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Students and campus organizations prepare for November election

This story was originally published in the Herald Oct. 4 newsmagazine.

Campus clubs and organizations on the Hill have been working to prepare students for the upcoming November gubernatorial election in various ways.

A number of organizations have hosted voter registration drives across campus. Students and faculty have tabled around campus to spread voting information while giving out election-based memorabilia. These items have included pamphlets with voting registration information, election day and candidate information and also pro-conservative,
pro-liberal and neutral pin buttons.

Some individual students within the campus organizations have specifically contributed to spreading voting and election information to their peers.

Aniya Johnson, senior political science major and president of the WKU chapter of Young Democrats, said she got involved with her role in the organization because she wanted to be more politically active.

Johnson initially started her freshman year as a photojournalism major. When she switched to political science, she felt she needed to get introduced to other politically involved students on campus. She reached out to the Young Democrat’s past president and then took on the position herself.

“It was something that was a spur of the moment kind of thing,” John- son said. “But I just knew that since I’ve already been working with the organization, it would be a greater chance for me to explore my leadership opportunities and to work with other students and get more people introduced.”

The Young Democrats plan to work closely with Gov. Andy Beshear’s reelection campaign throughout the election season and to host their own voter registration drives to make sure students are able to vote.

Outside of the organization, Johnson herself has individually been working with the governor’s campaign. She has knocked on doors and worked the campaign phone bank in Bowling Green spread information on the election and campaign.

Throughout her involvement, she has been trying to recruit more students to join her in campaigning, especially those who are also in Young Democrats.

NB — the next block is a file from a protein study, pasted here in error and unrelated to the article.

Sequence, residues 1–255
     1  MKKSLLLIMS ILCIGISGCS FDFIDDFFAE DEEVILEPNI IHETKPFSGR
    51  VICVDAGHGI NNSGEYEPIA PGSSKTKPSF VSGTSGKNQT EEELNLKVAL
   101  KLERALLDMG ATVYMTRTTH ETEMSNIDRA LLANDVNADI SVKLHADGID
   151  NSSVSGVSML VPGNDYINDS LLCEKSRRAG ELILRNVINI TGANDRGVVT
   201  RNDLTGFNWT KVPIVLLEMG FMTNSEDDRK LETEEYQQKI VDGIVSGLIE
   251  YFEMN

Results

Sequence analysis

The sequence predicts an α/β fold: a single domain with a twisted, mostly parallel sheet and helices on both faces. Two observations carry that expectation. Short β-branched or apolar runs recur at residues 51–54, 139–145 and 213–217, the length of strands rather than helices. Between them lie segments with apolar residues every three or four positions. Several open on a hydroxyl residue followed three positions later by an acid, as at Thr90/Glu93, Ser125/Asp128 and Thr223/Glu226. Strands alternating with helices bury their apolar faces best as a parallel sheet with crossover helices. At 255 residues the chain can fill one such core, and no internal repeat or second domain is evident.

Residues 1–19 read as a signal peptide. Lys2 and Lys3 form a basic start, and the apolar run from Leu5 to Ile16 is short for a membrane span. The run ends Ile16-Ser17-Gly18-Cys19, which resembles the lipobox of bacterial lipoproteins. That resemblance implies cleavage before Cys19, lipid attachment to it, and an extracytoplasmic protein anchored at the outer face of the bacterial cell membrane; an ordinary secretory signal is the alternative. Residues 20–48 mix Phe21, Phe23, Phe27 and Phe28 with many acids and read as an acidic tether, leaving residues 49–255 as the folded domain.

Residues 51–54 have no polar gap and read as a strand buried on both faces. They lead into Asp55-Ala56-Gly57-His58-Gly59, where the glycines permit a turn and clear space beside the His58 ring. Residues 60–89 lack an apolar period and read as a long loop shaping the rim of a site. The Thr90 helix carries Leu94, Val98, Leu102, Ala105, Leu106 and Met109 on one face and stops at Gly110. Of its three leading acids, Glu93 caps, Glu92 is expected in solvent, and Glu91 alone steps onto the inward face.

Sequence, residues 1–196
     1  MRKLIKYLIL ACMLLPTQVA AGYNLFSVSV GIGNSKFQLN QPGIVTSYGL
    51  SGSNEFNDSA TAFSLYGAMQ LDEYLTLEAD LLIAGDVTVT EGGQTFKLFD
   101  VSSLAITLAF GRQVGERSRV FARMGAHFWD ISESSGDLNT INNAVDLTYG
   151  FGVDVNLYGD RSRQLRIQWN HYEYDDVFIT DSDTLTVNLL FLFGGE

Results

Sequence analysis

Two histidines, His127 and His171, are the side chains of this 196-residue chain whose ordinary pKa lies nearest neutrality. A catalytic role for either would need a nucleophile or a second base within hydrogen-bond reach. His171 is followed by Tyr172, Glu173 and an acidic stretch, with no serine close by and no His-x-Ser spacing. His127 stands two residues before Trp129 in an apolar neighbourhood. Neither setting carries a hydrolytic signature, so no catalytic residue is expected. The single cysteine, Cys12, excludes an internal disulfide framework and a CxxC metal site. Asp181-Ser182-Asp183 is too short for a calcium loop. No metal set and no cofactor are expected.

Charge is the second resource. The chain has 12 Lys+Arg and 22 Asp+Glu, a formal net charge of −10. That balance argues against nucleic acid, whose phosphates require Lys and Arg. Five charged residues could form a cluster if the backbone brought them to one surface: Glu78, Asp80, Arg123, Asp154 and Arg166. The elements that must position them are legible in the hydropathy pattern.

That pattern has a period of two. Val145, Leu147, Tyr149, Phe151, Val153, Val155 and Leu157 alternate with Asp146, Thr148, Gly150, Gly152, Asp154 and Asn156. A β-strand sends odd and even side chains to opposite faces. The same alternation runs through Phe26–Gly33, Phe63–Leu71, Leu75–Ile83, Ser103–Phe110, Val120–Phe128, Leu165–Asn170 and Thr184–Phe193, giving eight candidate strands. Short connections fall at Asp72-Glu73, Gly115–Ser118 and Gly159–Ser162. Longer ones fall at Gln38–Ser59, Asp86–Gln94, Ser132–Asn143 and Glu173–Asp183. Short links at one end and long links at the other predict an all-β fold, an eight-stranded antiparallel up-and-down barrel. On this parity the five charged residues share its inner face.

Johnson said that even though it can be difficult for students to go outside of campus and vote, those votes are essential to the election’s outcome.

Aniya Johnson poses for a portrait outside the WKU Student Government Association chambers in Bowling Green, KY on Sept. 21, 2023. Johnson serves as the Director of Information Technology for SGA. (Kayden)

“There are a lot of students on this campus, and this county is really important [to the election]. Making sure students actually go out to vote is important,” Johnson said.

Gabriel Chambers, a sophomore meteorology major, vice president of the WKU chapter of Students for Life of America, treasurer of the WKU chapter of the American Conservation Coalition and member of the WKU chapter of College Republicans, said he got involved with these groups to meet other students and to try to create change both on campus and in the community.

Chambers is also the founder and president of the WKU chapter of the Young Americans for Liberty and a member of the WKU chapter of Turning Point USA, both non-partisan organizations.

“Politics is something that I’m very passionate about,” Chambers said.

College Republicans has plans to assist at fundraisers and events in support of Republican nominee Daniel Cameron’s campaign over the course of the election season. Turning Point USA plans to take part in a nationwide campaign called Vote and Live, which helps students register to vote and get involved.

Chambers said he individually has been helping campaign in the community for Cameron by door knocking, spreading information and trying to get community members involved in events.

He believes that it is extremely important for college students to go out and vote in the election, especially those whose permanent address is outside of Kentucky.

“People who are from out-of-state Kentucky, you go to college in Kentucky so the decisions of the election affect [you],” Chambers said.

Many students and their organizations plan to continue campaigning and hosting voter registration drives through the course of the election season to urge those on campus to cast their ballot when the time comes.

Gabriel Chambers poses for a portrait in front of Henry Hardin Cherry Hall, which houses WKU’s political science department, in Bowling Green, KY on Sept. 20, 2023. (Kayden )

“Voting, I can’t stress enough how important it is […] deciding who to give power to is really important,” Chambers said.

Editor’s note: In reporting this story, the Herald learned that Gabriel Chambers was charged with assault, fourth degree dating violence on Aug. 27, 2022. Accord- ing to the WKU police incident report, Chambers and the victim agreed that Chambers “punched” the victim on the side of the head during a disagreement. The court record states on March 7, 2023 the charge was ordered for a pretrial diversion. The diversion completion is set for March 29, 2024, after which the case would be dis- missed. Chambers provided the Herald with a statement: “I will say that I have refused to go down to the court- room and get that case removed off my record because it was dismissed. So yeah, that’s something that I definitely need to do because well I- it’s irrelevant at this point. And yeah, this probably should have never come up. So, that’s just me not doing what the court told me I could do. Yeah. That’s about all I have to say about that. I honestly, like, forgot even about it, so.”

News Reporter Ali Costellow can be reached at [email protected].